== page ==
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Report Claims Ben Carson Broke Law at Trump’s Latest Rally

The Washington Post believes Housing and Urban Development Secretary Ben Carson may have violated the Hatch Act Tuesday night.

In a piece written by Phillip Bump that is labeled as “analysis,” The Post makes its case tht the law was broken.

Attention was first brought to the issue Tuesday night on social media.

Bump explained in his piece, which is titled, “Why Ben Carson’s appearance in Phoenix was likely a violation of federal law,” that when Ben Carson was introduced at the rally, the announcer used his official title.

“The secretary of the U.S. Department of Housing and Urban Development, Dr. Ben Carson,” the announcer said as Carson waved and smiled. Carson went on to give a speech at the rally.

“And, as simply as that, a law was likely broken,” The Post story said.

Bump wrote that the Hatch Act, which is designed to keep federal officeholders from mixing poltiics and public service, covers Cabinet members and elected officials.

“That means that the head of, say, the Department of Housing and Urban Development can’t appear at a campaign rally in a way that implies he’s doing so in an official capacity. Say, by being introduced with his official title,” The Post wrote.

The act “prevents government employees from using their position and their station to promote candidates or political parties,” said Larry Noble, senior director of the Campaign Legal Center. “The idea is that the government, once it’s in government, is supposed to be nonpartisan. It’s really to prevent the abuse of power.”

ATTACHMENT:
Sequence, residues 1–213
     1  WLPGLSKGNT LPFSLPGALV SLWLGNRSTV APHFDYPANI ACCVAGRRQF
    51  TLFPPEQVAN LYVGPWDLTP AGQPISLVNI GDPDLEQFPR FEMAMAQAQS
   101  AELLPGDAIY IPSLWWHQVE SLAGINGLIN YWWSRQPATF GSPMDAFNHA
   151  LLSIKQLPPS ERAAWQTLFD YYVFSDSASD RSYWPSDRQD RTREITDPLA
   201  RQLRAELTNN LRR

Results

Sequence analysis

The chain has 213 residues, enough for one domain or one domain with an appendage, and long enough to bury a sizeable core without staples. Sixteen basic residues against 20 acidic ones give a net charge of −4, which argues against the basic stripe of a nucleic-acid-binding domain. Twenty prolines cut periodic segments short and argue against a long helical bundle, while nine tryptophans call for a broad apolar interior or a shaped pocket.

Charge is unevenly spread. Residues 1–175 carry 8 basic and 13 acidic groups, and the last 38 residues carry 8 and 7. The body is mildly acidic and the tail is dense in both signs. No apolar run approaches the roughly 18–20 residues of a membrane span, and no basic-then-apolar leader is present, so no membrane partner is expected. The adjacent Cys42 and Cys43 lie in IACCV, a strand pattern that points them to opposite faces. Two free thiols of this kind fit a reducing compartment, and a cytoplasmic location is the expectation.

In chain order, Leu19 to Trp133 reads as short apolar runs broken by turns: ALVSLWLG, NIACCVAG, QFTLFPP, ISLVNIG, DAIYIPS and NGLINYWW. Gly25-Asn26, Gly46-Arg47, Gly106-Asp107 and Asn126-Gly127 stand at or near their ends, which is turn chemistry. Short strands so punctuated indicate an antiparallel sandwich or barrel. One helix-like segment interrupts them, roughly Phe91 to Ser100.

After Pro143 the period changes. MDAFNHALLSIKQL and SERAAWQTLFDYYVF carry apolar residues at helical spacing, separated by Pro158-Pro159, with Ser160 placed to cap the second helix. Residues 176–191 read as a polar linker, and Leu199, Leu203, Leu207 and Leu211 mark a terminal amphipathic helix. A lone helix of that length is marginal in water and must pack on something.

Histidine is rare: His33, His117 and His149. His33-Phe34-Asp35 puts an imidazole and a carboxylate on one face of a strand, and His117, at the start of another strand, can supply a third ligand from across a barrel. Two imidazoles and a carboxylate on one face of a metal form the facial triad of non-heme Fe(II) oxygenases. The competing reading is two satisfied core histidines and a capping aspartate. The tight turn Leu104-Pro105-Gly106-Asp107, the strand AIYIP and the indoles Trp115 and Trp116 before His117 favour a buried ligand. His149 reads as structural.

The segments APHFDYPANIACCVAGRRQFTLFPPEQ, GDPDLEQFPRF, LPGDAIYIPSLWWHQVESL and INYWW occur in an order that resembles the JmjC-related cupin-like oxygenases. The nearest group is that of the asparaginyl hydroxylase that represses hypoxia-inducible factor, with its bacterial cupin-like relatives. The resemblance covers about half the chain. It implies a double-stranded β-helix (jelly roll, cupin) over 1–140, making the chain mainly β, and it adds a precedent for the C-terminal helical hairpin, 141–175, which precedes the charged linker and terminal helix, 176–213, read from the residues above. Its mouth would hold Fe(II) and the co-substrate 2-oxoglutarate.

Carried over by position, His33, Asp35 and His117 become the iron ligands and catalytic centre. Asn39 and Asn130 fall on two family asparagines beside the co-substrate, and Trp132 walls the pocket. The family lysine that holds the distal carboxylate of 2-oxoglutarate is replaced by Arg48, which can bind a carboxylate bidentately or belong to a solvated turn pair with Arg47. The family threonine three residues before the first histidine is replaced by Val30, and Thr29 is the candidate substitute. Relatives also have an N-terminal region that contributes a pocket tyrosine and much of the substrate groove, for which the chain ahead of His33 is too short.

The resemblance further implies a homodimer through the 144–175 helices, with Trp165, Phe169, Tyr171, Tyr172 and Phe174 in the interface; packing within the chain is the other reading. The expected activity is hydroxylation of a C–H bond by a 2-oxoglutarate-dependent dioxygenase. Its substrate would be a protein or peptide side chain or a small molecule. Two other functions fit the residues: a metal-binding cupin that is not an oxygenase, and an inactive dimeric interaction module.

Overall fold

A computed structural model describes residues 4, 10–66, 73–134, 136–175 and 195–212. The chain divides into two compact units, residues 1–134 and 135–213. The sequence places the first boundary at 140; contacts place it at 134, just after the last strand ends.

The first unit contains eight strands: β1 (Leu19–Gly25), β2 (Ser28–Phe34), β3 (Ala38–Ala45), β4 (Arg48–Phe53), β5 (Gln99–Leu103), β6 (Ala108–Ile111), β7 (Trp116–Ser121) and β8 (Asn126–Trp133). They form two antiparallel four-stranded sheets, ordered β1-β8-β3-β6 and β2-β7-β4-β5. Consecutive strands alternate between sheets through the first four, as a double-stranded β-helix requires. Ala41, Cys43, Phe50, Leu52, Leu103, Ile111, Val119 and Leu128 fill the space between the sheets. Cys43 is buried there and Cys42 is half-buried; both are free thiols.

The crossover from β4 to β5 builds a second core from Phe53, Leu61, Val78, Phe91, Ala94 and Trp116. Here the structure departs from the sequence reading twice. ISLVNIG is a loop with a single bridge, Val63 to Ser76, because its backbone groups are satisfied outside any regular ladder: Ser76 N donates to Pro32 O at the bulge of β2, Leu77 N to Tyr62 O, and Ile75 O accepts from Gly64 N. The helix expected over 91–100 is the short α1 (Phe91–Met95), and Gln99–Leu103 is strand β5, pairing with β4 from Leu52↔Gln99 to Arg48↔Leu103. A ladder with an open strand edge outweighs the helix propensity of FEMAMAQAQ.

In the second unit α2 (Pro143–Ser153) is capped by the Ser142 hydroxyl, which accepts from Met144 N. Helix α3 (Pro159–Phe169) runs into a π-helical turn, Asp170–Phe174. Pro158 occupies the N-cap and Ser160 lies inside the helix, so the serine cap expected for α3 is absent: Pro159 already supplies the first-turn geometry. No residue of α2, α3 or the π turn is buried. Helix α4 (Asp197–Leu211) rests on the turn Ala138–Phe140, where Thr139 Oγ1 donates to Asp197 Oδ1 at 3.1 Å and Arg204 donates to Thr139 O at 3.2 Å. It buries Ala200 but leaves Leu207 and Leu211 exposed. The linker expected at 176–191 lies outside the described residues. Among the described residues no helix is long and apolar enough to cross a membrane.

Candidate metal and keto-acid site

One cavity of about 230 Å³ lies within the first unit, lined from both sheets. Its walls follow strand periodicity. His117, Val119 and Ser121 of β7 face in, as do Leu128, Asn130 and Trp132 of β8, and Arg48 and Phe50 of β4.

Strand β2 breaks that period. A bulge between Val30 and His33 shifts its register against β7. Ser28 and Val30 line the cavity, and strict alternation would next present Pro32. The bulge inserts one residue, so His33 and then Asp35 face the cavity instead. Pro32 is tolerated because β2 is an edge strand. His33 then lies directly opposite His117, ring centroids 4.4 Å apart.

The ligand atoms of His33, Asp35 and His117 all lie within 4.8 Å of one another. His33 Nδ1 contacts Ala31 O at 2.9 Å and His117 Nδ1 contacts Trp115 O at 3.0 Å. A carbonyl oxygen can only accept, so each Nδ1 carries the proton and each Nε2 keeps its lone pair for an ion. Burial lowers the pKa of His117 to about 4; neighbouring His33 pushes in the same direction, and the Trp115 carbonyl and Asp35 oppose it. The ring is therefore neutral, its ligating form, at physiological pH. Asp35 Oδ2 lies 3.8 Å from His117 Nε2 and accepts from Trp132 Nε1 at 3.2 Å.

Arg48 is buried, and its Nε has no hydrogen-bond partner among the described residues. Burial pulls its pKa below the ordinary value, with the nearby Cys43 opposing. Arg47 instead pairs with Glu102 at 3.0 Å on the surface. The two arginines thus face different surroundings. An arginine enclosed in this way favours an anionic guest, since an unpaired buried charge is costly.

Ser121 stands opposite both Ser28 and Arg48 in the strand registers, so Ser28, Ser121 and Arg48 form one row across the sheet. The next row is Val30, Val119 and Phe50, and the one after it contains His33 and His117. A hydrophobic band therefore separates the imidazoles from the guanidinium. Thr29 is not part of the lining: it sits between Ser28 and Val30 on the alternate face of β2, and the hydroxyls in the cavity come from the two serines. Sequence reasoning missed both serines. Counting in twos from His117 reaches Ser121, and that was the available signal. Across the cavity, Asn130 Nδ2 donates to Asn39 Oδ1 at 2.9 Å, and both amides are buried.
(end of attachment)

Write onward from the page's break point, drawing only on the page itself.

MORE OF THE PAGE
Noble said proper compliance would have meant introducing Carson without his title.

“He should have told them in advance that they cannot use his title,” Noble said. “Once hearing the introduction, he should have made clear he was speaking in his personal capacity and not as secretary.”

Noble said in light of the current administration, Carson’s alleged infraction is “relatively minor.”

“Some of these things, in the total scheme of things, in a normal presidency, you might raise it,” Noble said. “In a presidency where they’re doing all of these things, it’s relatively minor. But you hate to let it go, because this is what it’s all about in the end.”

Not everyone agreed with the Washington Post article.

A story in the Arizona Republic that reflected upon social media discussion of the issue, determined the law was not violated.

In response to the controversy, HUD spokesperson said in an email to The Washington Post that the department did not believe there was a violation of the Hatch Act.

“Dr. Carson’s travel and lodging were not paid for by the Department. Dr. Carson was there in his personal capacity. Additionally, he did not discuss HUD during his speech. We are unaware of what instructions, if any, were provided to the announcer,” the statement said.

“All other references during the event refer to him as Dr. Carson. In this instance he did not hear his name before he was cued to go on. We are consulting with our Ethics Office on the matter to ensure it doesn’t occur again.”